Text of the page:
Tampa Bay Rays: Drew Smyly Hopes To Prove the Rays Right Again


Baseball is a sport where so much information is available about every player, but that isn’t always a good thing. We see minor league numbers and we wonder whether they mean. We see a player struggling and it is rarely clear whether he is just slumping or whether some fatal flaw in his game has been exposed. And then we have statistics on rehab stints. Drew Smyly, coming off of a disabled list stay that lasted nearly three months, returned to the mound and made four rehab starts, pitching to just a 9.64 ERA. And now he is ready to return to a big league mound?

One thing we have learned over the years is that ERA can be misleading, and the lefty Smyly did strike out 17 while walking just 6 in his 14 rehab innings. He also got up to 98 pitches in his last start and his velocity has been in its normal range in the low-90’s. He certainly appears to be healthy, and he should not have much of a restriction on his pitch count. But can we just ignore the 22 hits and 3 home runs that he gave up in those 14 frames? Can we look past the fact that he didn’t reach 5 innings a single time and his lowest ERA among his four outings was 4.50?

Sometimes what looks like common sense to the uninformed fan wins out, and teams look foolish. However, Smyly’s career has been a great example of how little of the picture fans and even members of the media truly have. When the Rays acquired Smyly last season, all of the available information told us that he could either be a number four starting pitcher or a very good reliever. He posted a 3.99 ERA in 2012 and a 3.93 mark in 2014, showing good strikeout to walk ratios but allowing too much hard contact and struggling against too many right-handed batters.

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Then Smyly joined the Rays and they made some tweaks that changed everything for him. Thanks to more fastballs up and additional cutters to right-handed batters, he was suddenly pitching like an ace. For his career, Smyly has given up a .742 OPS to righty batters compared to just .538 to lefties. Then Smyly joined the Rays and the gap narrowed significantly–he was actually better against righties for the remainder of 2014, holding them to a .460 OPS compared to .524 by same-side hitters. We saw more of the same in his three MLB starts earlier this year as his .583 OPS against by lefties was just below the .604 mark by righty batters. It looks everything like the Rays have taken Smyly’s biggest flaw and turned it into another strength.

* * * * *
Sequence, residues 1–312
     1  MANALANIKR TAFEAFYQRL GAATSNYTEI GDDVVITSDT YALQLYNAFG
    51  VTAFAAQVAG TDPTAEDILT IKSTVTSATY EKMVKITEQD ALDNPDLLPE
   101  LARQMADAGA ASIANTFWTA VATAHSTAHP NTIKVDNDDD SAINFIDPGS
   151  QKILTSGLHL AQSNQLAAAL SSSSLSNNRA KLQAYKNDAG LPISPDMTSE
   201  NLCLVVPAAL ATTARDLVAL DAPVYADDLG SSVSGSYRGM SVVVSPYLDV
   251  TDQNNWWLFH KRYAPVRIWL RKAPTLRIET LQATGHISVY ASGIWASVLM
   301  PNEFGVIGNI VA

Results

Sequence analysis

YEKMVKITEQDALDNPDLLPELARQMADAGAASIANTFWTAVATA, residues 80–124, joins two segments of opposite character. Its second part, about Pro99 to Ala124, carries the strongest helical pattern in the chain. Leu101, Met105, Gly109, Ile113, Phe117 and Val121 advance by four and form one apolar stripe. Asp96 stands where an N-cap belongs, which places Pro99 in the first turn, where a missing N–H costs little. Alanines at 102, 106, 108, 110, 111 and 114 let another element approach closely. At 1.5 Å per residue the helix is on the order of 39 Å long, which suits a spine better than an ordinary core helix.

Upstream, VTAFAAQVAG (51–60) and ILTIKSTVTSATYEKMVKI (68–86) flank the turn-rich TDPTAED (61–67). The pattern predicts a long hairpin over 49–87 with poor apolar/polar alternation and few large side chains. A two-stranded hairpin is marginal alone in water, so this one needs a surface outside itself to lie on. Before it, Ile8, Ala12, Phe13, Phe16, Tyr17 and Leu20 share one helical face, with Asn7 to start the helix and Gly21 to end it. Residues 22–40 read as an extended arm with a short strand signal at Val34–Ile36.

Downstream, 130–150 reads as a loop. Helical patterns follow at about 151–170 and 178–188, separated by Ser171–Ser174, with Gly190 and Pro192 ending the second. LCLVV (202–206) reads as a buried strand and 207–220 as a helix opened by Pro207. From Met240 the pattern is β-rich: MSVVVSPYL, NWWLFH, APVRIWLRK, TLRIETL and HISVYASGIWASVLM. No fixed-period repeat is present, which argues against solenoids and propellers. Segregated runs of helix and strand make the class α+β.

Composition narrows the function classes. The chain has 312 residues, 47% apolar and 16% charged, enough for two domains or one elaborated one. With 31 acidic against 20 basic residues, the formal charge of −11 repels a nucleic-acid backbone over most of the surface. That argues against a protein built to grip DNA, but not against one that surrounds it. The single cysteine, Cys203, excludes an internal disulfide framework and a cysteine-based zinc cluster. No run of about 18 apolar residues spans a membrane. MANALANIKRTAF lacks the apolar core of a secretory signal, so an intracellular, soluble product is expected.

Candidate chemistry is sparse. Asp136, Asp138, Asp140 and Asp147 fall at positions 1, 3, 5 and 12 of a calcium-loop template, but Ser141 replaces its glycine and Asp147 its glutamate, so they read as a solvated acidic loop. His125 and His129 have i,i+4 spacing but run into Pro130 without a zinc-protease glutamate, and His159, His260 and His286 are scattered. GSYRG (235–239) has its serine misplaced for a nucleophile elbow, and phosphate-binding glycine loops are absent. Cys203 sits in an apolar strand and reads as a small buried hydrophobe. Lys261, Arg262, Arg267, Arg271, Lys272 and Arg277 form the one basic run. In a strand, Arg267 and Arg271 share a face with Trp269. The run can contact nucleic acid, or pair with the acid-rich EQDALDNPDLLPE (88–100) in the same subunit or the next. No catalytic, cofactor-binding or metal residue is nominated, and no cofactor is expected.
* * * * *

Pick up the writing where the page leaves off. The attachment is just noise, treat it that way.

The next time that the Rays were right when it seemed crazy was Smyly’s shoulder injury this year. When we heard that Smyly had torn his labrum, everyone thought that he would require season-ending surgery. When the Rays said that they would instead try to rest and rehab it with an eye on getting him back in August, some people thought that they were out of their minds and simply being delusional. But here is Smyly about to return, and regardless of his minor league results the last few weeks, his stuff looks just as good. He is back, and he is still reaching 93 MPH with his fastball. All of the indications are that he is healthy.

People have doubted the Tampa Bay Rays regarding Drew Smyly twice, first regarding his fitness as the centerpiece of the David Price trade and then regarding when he would return from injury. Both times, exactly what the Rays were thinking became clear as things played out exactly as they–and no one else–had expected.

You don’t have to agree with all of the Rays’ moves, but at what point can we look at the way they have handled Smyly and acknowledge that they know exactly what they are doing? We will have to see how Smyly performs, but it is clear that given the information that the Rays have–which is a lot more than what we have–that they are making the decision that gives their team the best chance of winning moving forward.

Next: Tampa Bay Rays MLB/MiLB Recap: Biscuits Rally in 12 Innings